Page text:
“The emergency action plan you endorsed in April remains undelivered with no date for delivery. Communications continue to be nebulous, often delivered verbally, with no clear accountability.”
The letter concludes: “We have done everything possible to highlight the ongoing and increasing harm to patients and staff within the ED [emergency department]and the lack of progress in delivering agreed mitigation strategies over the last 12 months. We look forward to your response on these matters and hope that urgent intervention from the board will facilitate the recovery of emergency care in QEUH.”
Insider describes crushing pressure inflicted by understaffing at NHS flagship hospital as union warns of risk to patients
NHS Greater Glasgow and Clyde last night said it has a well-established major incident policy covering all its hospitals, adding “each hospital also has long-standing local escalation protocols”.
It said: “A new urgent care escalation policy, which is separate from our major incident policy and relates to support between hospital sites, is in the process of being agreed and has been circulated to senior A&E staff. Their views will be taken on board and a final draft will be put to the governance board for ratification early in the new year.
“Like the whole of NHS Scotland, our services are currently facing major pressures and NHSGGC is taking a number of actions to support our A&E departments at this time including recruiting staff as available, diverting staff from other activities to support patients arriving via our A&Es and creating additional inpatient capacity.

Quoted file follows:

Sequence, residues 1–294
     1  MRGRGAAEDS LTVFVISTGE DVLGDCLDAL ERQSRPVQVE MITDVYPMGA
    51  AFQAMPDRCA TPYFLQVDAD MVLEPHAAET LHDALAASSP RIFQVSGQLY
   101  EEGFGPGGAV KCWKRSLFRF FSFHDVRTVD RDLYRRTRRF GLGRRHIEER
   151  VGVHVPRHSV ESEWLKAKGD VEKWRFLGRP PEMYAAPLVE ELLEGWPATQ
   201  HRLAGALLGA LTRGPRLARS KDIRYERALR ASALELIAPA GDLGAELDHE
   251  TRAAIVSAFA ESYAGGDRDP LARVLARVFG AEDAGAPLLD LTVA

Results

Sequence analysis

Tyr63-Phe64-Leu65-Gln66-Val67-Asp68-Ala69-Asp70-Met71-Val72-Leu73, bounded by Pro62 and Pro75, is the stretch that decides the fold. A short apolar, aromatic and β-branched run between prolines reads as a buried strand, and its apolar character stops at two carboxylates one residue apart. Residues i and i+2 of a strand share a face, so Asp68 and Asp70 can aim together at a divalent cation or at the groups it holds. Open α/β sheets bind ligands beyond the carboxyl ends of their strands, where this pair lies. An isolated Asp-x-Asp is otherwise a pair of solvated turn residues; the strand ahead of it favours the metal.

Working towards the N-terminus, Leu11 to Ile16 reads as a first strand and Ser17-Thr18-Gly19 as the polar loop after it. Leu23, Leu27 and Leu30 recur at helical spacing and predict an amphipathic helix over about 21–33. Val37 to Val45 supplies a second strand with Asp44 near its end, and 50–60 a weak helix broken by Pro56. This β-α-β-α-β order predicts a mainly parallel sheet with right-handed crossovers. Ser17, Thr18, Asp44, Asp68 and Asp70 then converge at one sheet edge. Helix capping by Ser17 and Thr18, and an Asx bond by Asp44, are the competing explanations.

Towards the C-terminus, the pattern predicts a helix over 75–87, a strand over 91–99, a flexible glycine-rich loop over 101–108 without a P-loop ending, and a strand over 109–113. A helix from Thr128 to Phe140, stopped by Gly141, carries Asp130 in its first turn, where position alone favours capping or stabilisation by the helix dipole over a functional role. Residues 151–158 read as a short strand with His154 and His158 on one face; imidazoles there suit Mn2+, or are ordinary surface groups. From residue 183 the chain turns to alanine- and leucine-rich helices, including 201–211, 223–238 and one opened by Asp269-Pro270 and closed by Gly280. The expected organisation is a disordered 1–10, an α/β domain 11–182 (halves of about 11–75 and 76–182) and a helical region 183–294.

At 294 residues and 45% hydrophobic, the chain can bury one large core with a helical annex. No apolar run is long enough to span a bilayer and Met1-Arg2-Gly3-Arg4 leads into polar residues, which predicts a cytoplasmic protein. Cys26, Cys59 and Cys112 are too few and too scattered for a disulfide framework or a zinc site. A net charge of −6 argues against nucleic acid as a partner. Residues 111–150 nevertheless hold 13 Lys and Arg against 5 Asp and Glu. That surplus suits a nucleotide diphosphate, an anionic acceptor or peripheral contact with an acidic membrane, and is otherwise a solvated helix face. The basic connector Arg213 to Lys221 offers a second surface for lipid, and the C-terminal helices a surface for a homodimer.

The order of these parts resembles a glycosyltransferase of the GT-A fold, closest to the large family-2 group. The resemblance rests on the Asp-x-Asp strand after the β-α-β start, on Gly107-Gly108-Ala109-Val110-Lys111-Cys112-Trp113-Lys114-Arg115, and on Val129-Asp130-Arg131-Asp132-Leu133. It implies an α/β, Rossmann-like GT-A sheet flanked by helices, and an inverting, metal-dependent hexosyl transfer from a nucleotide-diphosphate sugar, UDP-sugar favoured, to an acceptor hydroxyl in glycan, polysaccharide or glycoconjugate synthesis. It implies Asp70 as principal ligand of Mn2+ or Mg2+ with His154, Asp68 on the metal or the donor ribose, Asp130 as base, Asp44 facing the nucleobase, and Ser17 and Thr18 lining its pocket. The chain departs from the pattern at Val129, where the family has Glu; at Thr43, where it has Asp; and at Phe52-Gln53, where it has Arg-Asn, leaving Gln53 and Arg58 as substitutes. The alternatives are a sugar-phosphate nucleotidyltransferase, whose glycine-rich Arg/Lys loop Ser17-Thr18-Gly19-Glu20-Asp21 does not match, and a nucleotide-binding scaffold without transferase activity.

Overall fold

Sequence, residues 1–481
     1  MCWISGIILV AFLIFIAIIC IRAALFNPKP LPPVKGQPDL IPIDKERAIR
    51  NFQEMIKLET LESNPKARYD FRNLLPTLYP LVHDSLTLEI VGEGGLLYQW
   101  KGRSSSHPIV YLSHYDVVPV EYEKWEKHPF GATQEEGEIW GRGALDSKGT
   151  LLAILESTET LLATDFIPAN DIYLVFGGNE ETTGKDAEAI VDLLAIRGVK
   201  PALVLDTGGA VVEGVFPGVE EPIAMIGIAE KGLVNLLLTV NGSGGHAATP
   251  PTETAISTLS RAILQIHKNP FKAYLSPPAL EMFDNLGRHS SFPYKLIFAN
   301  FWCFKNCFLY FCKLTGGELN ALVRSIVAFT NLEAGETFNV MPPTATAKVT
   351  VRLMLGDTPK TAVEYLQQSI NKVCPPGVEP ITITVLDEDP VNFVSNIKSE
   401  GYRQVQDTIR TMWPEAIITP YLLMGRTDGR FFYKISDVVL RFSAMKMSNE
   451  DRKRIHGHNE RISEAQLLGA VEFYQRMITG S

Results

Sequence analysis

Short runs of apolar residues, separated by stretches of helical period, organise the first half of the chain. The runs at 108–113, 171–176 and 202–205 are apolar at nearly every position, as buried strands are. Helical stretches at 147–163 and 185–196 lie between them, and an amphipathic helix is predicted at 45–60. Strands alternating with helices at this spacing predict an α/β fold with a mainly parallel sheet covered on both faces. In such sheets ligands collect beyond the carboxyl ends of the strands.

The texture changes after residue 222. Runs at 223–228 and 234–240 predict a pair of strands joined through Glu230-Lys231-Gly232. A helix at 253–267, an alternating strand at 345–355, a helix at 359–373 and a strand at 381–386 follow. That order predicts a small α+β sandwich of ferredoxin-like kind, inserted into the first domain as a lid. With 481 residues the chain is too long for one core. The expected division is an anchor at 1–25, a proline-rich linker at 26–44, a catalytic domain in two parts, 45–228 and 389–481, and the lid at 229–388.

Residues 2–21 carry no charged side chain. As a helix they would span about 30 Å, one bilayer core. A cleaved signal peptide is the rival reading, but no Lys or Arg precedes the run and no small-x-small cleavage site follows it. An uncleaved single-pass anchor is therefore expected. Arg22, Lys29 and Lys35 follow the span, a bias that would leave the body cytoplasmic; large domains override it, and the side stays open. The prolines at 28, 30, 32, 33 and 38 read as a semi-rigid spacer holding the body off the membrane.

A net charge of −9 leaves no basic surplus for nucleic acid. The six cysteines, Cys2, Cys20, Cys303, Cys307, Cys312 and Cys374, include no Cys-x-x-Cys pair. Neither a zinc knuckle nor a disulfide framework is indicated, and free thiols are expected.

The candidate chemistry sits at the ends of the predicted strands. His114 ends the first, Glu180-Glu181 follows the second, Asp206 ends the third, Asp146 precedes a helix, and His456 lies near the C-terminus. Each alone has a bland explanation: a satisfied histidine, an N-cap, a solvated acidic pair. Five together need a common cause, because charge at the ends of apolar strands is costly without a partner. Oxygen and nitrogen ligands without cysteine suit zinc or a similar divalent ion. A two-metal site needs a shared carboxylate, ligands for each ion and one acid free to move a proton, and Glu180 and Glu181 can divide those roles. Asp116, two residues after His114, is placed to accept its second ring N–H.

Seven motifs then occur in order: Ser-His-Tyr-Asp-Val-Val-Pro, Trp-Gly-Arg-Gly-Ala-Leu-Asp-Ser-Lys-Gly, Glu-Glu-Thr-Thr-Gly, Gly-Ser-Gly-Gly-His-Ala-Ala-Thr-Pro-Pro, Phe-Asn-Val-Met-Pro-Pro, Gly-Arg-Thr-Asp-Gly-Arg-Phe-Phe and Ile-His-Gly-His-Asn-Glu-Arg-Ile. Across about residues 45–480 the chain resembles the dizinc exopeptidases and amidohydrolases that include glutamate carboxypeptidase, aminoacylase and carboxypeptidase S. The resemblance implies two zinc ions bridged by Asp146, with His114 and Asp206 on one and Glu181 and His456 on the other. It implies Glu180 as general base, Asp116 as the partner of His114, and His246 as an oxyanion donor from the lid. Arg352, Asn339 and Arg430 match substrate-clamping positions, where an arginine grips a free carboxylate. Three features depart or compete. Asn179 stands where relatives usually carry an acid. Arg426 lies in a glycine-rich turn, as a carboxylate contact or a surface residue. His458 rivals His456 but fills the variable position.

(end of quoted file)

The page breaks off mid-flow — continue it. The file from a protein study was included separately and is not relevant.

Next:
“Whilst all of our services are experiencing extreme demand, we would ask the public only to attend A&E if is urgent or life-threatening.”
A&E departments across Scotland are under increasing strain as winter bites. Grampian health board last week asked off-duty staff if they could come into work, while NHS Lothian asked relatives and carers to reduce pressure on beds by caring for people at home.
Health Secretary Humza Yousaf said: “We know that this is one of the toughest winters in the NHS’s 74-year history and the latest A&E figures clearly demonstrate the challenge our health service is facing.
“Covid has clearly still not gone away and these pressures, combined with pandemic backlogs are making it a very challenging time for the NHS. We have been dealing with one of the coldest periods for many years which puts an increasing strain on the NHS.
“On top of that flu has been classified at extraordinary levels, with cases admitted to hospital the highest in five years. We also had to deal with rising cases of Strep A and other respiratory viruses which has caused significant demand on services.
“Delayed discharge continues to have a major impact in driving up A&E waits and we are working with health boards to ensure people leave hospital without delay, freeing up vital beds for those who need them most.”
First Minister: This government will do everything we can to get NHS on track
Nicola Sturgeon yesterday promised ministers would do everything possible to help NHS Scotland recover from the pandemic and get back on track.
In a Hogmanay message, the First Minister said tackling poverty, particularly child poverty, would be her priority, but added: “We will also do everything we can to support our precious public services, helping the NHS, in particular, recover from the pandemic and get services back on track.”
Sturgeon also reflected on how the pandemic impacted people’s lives, adding: “Thinking back to Hogmanay last year – and indeed the year before that – we’re reminded of just how far we have come, from the very darkest days of the pandemic.
“That progress is thanks to the extraordinary efforts of health service workers, of everyone who worked so hard to deliver the vaccine programme, and, of course, to all those who came forward to be vaccinated and boosted. As a result of all of that, and so much more besides, many of us will be looking forward to our first full Hogmanay celebrations in three years.”
Sturgeon said: “As we look ahead now to 2023, I can promise you that the Scottish Government will keep doing everything we can for those who need it most right now – while also looking to the longer term with optimism and resolve.”